People are divided on what the future will look like with robots in the public domain. While some see robots as humanoid creatures that steal jobs from us, many find them fascinating and dream of a future with robots.
We at KUKA have a very clear vision: robots should assist people, not the other way around. Robots can help people with their work, relieving them of unpleasant or non-ergonomic tasks. The tasks carried out by people should preferably be limited to those requiring human skills such as the ability to learn, learning from experience, sensory perception, creativity, improvisation, etc. Robots can complement these human virtues with power, repeatability, speed and quality. Smartphones and PCs are part of everyday life for all of us; accountants no longer add columns of figures manually – they use machines.
For us at KUKA, human-robot collaboration (HRC) also means responsibility. People are always the central focus – robots are there to help people and must never endanger them. To do so, robots must comply with new safety requirements. There are of course various ways to deal with these requirements. At KUKA, we draw a distinction between safety functions in place to protect people when they are working with a robot, and functions that make the robot itself safe.
How safe is the area around the robot? What tools does it use? These are questions we also have to address. We do not believe it is right to leave the safety of a robot system up to the integrators or users – our customers. We are not satisfied until the robot is safe in its particular application. We think about how close the human comes to the robot because, broadly speaking, almost all robots are capable of HRC in one way or another. There are four variants:
- The robot stops when the safety gate to the robot is opened. All that is needed for this variant is a safe input (a safety relay if necessary) that stops the robot when somebody enters the area.
- If the robot is to be manually operated, a three-position enabling switch and safe velocity monitoring is required in addition to the safe input. (In some cases, safe orientation monitoring may also be required.)
- If the use of one safe sensor can (just as safely) determine the location of the person, the robot velocity can be reduced according to the distance between the person and the robot to ensure that the robot is always at standstill when the person reaches it. For this variant, the robot needs the “safe velocity monitoring” safety function and a safe input for the Emergency Stop button. The basis for all current HRC robot systems is collision avoidance.
- The ultimate challenge and the true essence of human-machine collaboration is collision control (“power and force limitation”). This involves the robot being able to interact with the person – the person can touch the robot, guide it, and even collide with it. Using functions such as safe collision detection or safe force monitoring, it must then be ensured that forces and pressures do not exceed defined, safe limits in the event of a collision, regardless of the operation situation. Shortly spoken, that the robot does not hurt the human.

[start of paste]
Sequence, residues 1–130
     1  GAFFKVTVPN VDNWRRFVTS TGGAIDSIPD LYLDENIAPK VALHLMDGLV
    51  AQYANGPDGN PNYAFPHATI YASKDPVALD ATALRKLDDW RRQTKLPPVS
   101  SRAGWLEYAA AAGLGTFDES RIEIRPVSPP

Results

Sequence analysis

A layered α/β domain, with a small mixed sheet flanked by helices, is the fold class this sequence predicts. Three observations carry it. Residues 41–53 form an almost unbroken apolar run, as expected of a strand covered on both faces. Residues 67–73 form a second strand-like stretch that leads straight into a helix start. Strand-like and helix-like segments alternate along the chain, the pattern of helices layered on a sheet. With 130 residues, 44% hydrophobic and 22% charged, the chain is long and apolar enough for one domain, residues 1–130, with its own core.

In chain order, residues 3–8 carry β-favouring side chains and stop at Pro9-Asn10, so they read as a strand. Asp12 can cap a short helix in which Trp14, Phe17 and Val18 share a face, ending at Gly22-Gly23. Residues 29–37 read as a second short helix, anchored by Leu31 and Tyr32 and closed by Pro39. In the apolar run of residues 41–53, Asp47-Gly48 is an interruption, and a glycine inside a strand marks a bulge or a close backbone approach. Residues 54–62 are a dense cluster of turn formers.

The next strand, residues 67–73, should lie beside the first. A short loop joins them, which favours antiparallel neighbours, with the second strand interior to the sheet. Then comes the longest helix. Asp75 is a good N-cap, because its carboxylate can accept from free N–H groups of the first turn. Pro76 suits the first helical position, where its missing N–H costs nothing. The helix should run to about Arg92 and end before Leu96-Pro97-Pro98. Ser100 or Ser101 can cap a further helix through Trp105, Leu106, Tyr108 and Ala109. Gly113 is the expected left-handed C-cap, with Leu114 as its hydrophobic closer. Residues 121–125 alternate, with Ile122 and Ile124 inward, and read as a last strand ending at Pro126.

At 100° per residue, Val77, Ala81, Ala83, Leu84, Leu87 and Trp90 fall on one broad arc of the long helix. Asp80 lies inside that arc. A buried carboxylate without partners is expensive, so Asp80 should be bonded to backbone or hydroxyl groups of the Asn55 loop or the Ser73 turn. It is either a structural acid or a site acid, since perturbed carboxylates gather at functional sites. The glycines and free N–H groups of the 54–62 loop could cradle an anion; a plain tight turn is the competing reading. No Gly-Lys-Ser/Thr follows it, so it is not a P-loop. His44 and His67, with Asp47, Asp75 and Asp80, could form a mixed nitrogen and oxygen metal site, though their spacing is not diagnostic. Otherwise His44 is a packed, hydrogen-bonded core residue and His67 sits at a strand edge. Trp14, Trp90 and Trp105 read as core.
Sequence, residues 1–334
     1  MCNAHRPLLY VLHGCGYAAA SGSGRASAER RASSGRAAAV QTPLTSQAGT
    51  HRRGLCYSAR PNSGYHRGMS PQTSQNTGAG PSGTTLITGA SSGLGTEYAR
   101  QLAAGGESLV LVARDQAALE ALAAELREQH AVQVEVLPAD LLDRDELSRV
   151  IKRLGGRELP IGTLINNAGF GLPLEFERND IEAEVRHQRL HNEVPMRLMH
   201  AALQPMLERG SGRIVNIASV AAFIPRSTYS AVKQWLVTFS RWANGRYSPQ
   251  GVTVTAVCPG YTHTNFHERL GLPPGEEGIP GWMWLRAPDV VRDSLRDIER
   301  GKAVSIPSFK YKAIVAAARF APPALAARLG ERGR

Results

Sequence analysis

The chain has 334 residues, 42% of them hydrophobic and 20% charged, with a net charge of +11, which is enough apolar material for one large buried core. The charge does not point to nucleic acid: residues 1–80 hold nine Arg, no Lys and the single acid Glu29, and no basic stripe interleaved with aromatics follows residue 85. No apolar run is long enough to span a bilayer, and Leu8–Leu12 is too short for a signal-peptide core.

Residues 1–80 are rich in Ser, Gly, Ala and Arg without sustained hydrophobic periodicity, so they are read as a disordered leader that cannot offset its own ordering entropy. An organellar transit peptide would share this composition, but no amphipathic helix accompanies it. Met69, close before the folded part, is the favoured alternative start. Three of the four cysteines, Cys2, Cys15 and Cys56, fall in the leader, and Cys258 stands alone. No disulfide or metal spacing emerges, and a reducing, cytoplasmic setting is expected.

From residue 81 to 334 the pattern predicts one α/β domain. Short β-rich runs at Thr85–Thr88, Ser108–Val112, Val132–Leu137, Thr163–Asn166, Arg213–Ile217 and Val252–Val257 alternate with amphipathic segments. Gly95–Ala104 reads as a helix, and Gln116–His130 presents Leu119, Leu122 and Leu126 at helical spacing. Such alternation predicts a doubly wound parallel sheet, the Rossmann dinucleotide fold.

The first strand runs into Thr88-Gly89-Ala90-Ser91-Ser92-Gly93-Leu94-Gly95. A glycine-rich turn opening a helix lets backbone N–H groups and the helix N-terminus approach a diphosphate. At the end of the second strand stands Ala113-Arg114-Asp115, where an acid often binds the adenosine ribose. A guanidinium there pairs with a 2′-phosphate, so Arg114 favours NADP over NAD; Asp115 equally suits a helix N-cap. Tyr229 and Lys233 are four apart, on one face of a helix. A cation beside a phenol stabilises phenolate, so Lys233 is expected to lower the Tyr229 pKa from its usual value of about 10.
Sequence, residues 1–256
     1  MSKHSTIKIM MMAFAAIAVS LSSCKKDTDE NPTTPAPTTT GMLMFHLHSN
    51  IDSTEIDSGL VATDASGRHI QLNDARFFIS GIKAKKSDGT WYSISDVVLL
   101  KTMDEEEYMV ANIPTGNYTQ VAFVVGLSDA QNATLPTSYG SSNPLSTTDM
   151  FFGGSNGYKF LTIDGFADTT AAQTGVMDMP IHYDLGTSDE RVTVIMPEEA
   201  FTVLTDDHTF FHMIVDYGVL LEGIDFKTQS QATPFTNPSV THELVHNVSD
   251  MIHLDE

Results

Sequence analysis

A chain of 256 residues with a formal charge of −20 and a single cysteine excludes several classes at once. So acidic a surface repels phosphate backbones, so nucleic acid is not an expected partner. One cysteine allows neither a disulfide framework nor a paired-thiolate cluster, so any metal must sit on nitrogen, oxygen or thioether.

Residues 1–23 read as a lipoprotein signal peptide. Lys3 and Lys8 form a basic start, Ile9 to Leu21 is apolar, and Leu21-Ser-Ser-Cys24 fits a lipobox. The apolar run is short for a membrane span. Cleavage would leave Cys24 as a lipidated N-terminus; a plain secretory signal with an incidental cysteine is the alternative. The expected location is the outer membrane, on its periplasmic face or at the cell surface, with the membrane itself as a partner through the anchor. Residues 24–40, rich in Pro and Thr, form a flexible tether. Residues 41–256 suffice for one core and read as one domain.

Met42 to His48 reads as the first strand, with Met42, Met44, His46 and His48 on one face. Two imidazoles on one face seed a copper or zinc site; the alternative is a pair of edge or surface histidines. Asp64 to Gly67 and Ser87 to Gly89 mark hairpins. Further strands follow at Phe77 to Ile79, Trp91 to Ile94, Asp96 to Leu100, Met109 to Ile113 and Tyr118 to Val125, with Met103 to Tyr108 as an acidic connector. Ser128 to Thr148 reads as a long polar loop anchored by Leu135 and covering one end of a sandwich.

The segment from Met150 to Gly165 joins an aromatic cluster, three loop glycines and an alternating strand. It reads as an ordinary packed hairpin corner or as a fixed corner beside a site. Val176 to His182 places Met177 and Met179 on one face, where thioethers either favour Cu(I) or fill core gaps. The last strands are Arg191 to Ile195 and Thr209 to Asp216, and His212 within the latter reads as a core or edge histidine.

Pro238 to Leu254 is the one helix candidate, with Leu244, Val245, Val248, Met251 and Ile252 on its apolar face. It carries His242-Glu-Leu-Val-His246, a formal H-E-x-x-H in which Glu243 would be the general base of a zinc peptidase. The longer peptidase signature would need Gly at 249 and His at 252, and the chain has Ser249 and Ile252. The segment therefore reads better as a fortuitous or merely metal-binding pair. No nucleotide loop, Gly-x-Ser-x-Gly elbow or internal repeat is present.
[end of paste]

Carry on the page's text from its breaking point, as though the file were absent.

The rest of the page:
Once the robot’s application has been clarified, the question now is whether the robot provides the required safety functions. KUKA implements the following functions, for example:
- Safe collision detection
- Safe force monitoring
- Safe workspaces and protected spaces
- Safe position monitoring
- Safe velocity monitoring
- Safe inputs and outputs
- Safe tool detection
- Safe orientation monitoring
- Safe state switching to allow for changing back and forth between safety strategies within a particular application
KUKA has also had these safety functions certified in accordance with DIN EN ISO 13849 PLd Cat 3 and DIN EN 62061: SIL 2. The safety functions are built up from a range of components, such as sensors, evaluation electronics, means of communication and control. Each component contributes to the overall safety function and each in turn should be certified.
The next step is configuring the robot safely within its workspace. Are the safety functions, such as collision detection or force monitoring, effective throughout the robot’s workspace? What if the measurement accuracy is limited or non-existent at certain points within the workspace or on certain parts of the robot structure? Is safety then still ensured?
Next comes the accuracy of the force measurement in safe technology. If, for example, a force limit of 120 N is set, it is not sufficient if the robot can only reliably measure with an accuracy of 130 N. If the robot measures with an accuracy of 110 N, it may then only exert a force of 10 N, which would restrict the application scope.
The resilience of a robot should also be tested. Sensitive, safe robots are equipped with measuring technology but must nevertheless be robust. It is thus important to know how much a robot can endure and how this was tested – with no load, a partial load or a full load.
Last but not least, the robot must undergo the crash test at KUKA. This is the only way to tell whether our robots are still safe even after being overloaded or having experienced a crash. As mentioned above, people are the focus in human-robot collaboration. All these questions must therefore be resolved at the latest during the risk analysis of a particular application. This is much easier if the robot incorporates certified safety functions. The safety of the application can also be simply confirmed if the CE mark required by the Machinery Directive is present. If a CE mark is improperly awarded, there is a great risk of liability – including personal liability – in the event of damage.
The answer to the question addressed at the beginning is that robots are machines and people are responsible for their safe operation. There is no need for anyone to fear human-robot collaboration if reliable and robust safety measures are implemented.